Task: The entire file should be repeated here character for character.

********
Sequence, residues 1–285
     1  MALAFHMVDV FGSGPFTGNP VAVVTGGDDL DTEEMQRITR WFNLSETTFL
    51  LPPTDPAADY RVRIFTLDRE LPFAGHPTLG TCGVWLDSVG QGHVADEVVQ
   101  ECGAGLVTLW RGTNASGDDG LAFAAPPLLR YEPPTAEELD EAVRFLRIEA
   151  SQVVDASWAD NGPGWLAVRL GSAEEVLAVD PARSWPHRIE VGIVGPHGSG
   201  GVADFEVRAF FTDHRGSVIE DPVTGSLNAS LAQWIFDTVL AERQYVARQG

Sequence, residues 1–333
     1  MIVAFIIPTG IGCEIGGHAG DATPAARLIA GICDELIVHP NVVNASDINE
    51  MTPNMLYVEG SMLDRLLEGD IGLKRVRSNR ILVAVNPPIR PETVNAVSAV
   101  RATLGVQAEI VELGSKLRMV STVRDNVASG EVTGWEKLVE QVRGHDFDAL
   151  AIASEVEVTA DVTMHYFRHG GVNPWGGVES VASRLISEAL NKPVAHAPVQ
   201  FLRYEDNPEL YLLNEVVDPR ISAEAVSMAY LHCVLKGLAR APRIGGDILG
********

Sequence, residues 1–285
     1  MALAFHMVDV FGSGPFTGNP VAVVTGGDDL DTEEMQRITR WFNLSETTFL
    51  LPPTDPAADY RVRIFTLDRE LPFAGHPTLG TCGVWLDSVG QGHVADEVVQ
   101  ECGAGLVTLW RGTNASGDDG LAFAAPPLLR YEPPTAEELD EAVRFLRIEA
   151  SQVVDASWAD NGPGWLAVRL GSAEEVLAVD PARSWPHRIE VGIVGPHGSG
   201  GVADFEVRAF FTDHRGSVIE DPVTGSLNAS LAQWIFDTVL AERQYVARQG

Sequence, residues 1–333
     1  MIVAFIIPTG IGCEIGGHAG DATPAARLIA GICDELIVHP NVVNASDINE
    51  MTPNMLYVEG SMLDRLLEGD IGLKRVRSNR ILVAVNPPIR PETVNAVSAV
   101  RATLGVQAEI VELGSKLRMV STVRDNVASG EVTGWEKLVE QVRGHDFDAL
   151  AIASEVEVTA DVTMHYFRHG GVNPWGGVES VASRLISEAL NKPVAHAPVQ
   201  FLRYEDNPEL YLLNEVVDPR ISAEAVSMAY LHCVLKGLAR APRIGGDILG